Fire fighters put out fires, help assist with other emergencies and save lives. They prevent fires from starting by inspecting buildings for hazards such as faulty wiring. They teach local citizens about fire safety and disaster preparedness. They test fire hydrants and alarms to make sure that all systems will work properly in the event of a fire. Fire fighters also maintain the fire station and type up reports about fires after the fact. Fire fighters work both at the fire station and throughout the town in a number of capacities. Most fire fighters work for local governments, and they typically work varied shifts that can be as long as 24 hours on the clock at a time. Fighting fires is a very dangerous and high-risk job, but it provides a thrill for risk takers who are brave enough for the job and an important service for community members who benefit from fire fighters' hard work.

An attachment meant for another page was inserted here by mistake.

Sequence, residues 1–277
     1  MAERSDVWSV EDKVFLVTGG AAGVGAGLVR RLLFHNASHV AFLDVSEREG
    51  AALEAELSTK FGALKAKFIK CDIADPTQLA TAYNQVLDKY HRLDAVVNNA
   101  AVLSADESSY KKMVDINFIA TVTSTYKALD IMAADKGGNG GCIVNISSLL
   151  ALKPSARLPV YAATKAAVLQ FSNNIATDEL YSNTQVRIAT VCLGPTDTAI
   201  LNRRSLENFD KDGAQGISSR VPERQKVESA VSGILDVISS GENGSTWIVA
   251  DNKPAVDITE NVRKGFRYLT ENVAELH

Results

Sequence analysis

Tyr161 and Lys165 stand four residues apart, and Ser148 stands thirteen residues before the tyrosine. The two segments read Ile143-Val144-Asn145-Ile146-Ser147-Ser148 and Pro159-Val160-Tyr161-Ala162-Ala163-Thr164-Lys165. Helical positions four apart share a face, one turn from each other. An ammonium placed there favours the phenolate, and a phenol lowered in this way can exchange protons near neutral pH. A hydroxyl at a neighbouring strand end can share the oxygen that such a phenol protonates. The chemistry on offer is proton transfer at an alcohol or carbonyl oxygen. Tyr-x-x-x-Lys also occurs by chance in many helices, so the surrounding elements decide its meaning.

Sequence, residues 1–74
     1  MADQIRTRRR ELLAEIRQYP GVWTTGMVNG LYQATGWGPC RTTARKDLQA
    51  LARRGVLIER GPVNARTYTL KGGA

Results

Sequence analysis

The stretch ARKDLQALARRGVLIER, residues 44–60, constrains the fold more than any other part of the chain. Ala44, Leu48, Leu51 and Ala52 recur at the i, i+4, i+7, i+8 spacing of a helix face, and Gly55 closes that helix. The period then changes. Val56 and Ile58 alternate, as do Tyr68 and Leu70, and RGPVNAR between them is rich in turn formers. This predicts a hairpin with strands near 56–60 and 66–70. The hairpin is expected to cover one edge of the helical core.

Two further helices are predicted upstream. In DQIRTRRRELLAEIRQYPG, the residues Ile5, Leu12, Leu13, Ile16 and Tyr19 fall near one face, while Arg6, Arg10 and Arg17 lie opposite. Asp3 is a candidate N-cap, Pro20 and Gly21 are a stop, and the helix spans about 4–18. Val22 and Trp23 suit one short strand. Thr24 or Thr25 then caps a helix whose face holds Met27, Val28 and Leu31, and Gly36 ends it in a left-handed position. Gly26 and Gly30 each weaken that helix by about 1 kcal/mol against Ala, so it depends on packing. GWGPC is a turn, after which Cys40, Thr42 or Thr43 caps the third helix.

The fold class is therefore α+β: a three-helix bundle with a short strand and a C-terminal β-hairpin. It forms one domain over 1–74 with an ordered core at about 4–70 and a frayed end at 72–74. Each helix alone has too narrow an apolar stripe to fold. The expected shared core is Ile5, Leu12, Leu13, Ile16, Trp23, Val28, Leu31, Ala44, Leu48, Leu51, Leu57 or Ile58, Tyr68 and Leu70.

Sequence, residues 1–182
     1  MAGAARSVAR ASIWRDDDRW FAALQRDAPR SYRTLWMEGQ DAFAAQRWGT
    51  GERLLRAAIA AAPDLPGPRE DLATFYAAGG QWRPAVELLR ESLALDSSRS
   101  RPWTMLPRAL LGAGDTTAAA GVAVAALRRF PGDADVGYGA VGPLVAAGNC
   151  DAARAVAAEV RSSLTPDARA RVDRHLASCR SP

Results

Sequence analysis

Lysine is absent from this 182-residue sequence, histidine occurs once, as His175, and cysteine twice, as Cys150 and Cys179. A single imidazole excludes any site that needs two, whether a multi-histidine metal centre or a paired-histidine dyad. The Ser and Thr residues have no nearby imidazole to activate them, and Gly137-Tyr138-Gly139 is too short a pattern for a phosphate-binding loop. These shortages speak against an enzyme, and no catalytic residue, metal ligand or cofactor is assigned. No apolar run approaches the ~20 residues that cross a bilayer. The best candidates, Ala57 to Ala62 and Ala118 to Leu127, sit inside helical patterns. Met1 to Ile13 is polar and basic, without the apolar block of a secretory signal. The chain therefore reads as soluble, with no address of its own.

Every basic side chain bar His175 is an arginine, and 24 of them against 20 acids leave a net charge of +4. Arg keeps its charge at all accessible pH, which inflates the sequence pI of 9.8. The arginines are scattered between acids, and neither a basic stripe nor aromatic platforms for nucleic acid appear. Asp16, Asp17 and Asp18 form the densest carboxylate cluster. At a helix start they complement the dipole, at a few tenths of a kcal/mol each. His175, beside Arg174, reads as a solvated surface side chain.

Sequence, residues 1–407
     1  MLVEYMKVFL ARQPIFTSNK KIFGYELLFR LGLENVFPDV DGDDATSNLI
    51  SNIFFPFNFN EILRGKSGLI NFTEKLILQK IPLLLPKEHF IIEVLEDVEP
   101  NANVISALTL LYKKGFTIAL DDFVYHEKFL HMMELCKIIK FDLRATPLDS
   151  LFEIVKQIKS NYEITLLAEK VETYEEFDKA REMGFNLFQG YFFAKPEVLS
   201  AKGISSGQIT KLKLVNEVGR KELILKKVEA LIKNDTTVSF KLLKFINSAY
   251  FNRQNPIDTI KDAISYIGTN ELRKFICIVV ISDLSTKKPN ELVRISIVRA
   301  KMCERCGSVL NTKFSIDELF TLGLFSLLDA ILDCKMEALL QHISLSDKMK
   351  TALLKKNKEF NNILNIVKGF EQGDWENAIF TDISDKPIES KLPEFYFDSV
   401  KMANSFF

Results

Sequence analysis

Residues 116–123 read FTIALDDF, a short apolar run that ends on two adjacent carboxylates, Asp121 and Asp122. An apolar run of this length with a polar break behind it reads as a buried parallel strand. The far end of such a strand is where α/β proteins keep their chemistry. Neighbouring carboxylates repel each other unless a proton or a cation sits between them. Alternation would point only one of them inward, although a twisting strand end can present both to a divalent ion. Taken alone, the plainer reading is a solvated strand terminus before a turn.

Fire Fighter Education Requirements
While a college degree is not a requirement for most fire fighter jobs, a high school diploma is not enough either. Fire fighters typically must receive extra training, including training in emergency medical services. Fire fighters also must pass written and physical tests and interviews. Fire fighters not only need to be able to quickly and effectively put out fires, but they must also be able to save lives, think quickly and remain calm in dangerous situations.
Fire Fighter Job Market
The expected growth rate for fire fighter jobs is about 7 percent over the next 10 years. This is slower than average, which means that prospective fire fighters may have difficulties finding employment in some areas. Applicants with the best test scores, the most extensive training and an advanced degree of physical fitness will have the best chances of getting hired.
Fire Fighter Job Salary
Fire fighters make an average of $45,250 per year or $21.75 per hour. This amount can vary widely, however, depending on the city that the fire fighter works in.